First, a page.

AP Photo/Chris O'Meara
As President Donald Trump begins his second month in office, his team is trying to move past the crush of controversies that overtook his first month and make progress on health care and tax overhauls long sought by Republicans.
Both issues thrust Trump, a real estate executive who has never held elected office, into the unfamiliar world of legislating. The president has thus far relied exclusively on executive powers to muscle through policy priorities and has offered few details about what he'll require in any final legislative packages, like how the proposals should be paid for. The White House also sent conflicting signals about whether the president will send Congress his own legislative blueprints or let lawmakers drive the process.
President Donald Trump has chosen as his national security adviser a soldier-scholar who fought in both Iraq wars and published an influential book that called out the U.S. government for "lies" that led to the Vietnam War.
Army Lt. Gen. H.R. McMaster would remain on active military duty while leading the National Security Council, White House officials said Monday. He joined two retired generals — Defense Secretary Jim Mattis and Homeland Security Secretary John Kelly — already in Trump's inner circle, adding to the impression that the president prefers military men in top roles.
Trump called McMaster "a man of tremendous talent and tremendous experience" when he introduced his new national security adviser at his private Florida club.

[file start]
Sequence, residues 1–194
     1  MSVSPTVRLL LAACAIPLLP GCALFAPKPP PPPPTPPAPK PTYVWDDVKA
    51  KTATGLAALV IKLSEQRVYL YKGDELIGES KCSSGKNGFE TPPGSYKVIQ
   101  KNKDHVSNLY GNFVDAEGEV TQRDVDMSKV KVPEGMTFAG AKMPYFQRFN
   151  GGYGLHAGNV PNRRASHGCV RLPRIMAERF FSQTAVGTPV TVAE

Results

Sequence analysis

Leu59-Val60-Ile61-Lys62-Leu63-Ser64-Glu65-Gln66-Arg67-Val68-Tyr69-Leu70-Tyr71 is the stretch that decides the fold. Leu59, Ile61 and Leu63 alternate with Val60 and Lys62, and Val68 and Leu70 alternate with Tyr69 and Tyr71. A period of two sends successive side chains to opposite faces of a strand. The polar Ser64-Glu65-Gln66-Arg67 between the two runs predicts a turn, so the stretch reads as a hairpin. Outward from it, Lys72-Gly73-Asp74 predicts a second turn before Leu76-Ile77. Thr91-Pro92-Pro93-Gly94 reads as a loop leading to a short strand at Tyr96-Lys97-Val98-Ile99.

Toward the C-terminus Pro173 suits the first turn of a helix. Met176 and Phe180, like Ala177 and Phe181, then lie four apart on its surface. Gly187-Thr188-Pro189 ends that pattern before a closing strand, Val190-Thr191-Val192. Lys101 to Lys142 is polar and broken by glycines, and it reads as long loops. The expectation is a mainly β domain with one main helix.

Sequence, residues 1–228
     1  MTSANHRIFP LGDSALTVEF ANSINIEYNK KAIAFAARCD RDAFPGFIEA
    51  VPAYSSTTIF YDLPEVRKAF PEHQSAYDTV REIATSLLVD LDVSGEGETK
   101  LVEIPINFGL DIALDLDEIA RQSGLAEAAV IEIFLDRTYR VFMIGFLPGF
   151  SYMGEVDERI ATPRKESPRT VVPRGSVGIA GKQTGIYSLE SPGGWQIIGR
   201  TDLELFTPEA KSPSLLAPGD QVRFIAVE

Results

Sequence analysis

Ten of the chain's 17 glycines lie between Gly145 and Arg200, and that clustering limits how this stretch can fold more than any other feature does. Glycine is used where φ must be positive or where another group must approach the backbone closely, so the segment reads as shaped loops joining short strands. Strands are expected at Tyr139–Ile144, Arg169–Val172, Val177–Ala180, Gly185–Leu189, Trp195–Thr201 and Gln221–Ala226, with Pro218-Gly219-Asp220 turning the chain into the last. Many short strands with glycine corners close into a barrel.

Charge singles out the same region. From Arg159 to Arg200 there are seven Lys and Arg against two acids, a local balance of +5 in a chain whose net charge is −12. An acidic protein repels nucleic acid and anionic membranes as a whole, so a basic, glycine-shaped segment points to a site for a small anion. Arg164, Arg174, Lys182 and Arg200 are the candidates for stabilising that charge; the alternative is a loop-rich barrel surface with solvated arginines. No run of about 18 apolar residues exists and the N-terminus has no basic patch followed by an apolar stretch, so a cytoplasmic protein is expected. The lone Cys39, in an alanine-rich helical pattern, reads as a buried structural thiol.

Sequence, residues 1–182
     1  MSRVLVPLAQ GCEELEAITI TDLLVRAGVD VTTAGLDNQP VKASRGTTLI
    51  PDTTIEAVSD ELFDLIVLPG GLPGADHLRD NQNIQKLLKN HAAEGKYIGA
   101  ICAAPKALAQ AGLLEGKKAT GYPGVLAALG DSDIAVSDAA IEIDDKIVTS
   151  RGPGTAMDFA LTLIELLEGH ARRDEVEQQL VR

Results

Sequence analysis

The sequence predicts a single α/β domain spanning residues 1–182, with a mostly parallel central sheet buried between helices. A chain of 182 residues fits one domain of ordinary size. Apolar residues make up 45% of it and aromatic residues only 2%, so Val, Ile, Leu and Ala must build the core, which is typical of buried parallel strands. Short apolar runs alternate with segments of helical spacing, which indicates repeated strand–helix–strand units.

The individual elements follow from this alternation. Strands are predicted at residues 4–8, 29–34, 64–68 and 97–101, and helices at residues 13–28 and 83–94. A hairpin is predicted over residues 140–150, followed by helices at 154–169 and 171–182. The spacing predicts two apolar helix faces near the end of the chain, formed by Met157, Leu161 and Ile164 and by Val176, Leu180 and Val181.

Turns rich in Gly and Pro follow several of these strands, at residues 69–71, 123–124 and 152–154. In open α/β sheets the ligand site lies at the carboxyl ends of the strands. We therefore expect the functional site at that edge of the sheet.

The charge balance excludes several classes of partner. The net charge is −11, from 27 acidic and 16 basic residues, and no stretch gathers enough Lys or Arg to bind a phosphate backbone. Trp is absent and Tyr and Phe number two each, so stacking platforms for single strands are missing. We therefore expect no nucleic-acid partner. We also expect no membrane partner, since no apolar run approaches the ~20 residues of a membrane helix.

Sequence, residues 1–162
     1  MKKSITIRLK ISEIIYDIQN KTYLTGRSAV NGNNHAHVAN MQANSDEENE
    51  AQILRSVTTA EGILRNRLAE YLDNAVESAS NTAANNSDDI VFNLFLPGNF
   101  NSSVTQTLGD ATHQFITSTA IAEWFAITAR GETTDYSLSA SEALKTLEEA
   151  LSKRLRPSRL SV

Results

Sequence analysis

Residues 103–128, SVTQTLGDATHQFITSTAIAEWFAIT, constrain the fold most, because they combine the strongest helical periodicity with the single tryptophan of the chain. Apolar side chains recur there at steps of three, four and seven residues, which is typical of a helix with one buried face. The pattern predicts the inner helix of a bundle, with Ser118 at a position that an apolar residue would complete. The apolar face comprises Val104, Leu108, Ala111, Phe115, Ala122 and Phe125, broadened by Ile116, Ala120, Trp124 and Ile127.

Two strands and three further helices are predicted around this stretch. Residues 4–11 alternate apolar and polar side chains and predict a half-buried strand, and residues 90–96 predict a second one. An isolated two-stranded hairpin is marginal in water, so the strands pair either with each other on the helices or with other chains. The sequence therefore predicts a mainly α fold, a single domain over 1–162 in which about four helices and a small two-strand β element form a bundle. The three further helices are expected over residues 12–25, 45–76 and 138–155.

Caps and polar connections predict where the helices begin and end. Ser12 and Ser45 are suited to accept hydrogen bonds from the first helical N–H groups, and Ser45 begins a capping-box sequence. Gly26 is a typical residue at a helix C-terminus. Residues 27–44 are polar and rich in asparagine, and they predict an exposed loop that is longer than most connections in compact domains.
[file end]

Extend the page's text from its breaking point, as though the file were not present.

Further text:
Fortified by the love of an adopted family, Shannon Martinez left the skinheads behind. Today she's helping others do the same as part of an emerging U.S. movement that helps people quit hate organizations.
Modeled loosely upon organizations that formed in Europe years ago to combat extremism, groups and individuals are offering counseling, education and understanding to extremists seeking a way out.
Now a 42-year-old mom who homeschools her kids at their house in Georgia, Martinez volunteers with Life After Hate, a leading organization dedicated to helping people leave white supremacy. On Facebook, she shares her story with others who've left or are looking to leave extremism.
Across America, hundreds of thousands of school children are suspended, expelled or arrested each year. An NBC investigation shows that black students with disabilities are arrested, suspended or expelled far more often than other children.
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Rick Bowmer, AP
Presidents Day means a day off for many across the United States, and hundreds of people in cities from New York to Los Angeles were using it to send a message to the current occupant of the White House.
"Not My Presidents Day" rallies were being held in at least a dozen cities Monday, continuing a weekend of demonstrations aimed at speaking out against President Donald Trump's policies and actions.
Drew Angerer/Getty Images
The Founding Fathers were not always in agreement. When considering the executive branch, for instance, they debated whether to address their leader as his highness, his excellency or just Mr. President.
“They literally don’t even know what to call the president at the beginning, and I think that’s a good sign that they were just making it up as they went along,” said Adam Rothman, a history professor at Georgetown University. “And they’re the people who wrote the damn thing, so what are we supposed to do?”
Getty Images, File
Hillary Clinton called a series of threats and attacks against Jews and Jewish groups "so troubling" in a tweet Monday that urged President Donald Trump to speak out against them.
Trump hasn't commented directly on a series of bomb threats to Jewish community centers around the country, despite being asked about it directly at a recent press conference. The latest wave of threats came Monday, with 10 locations targeted.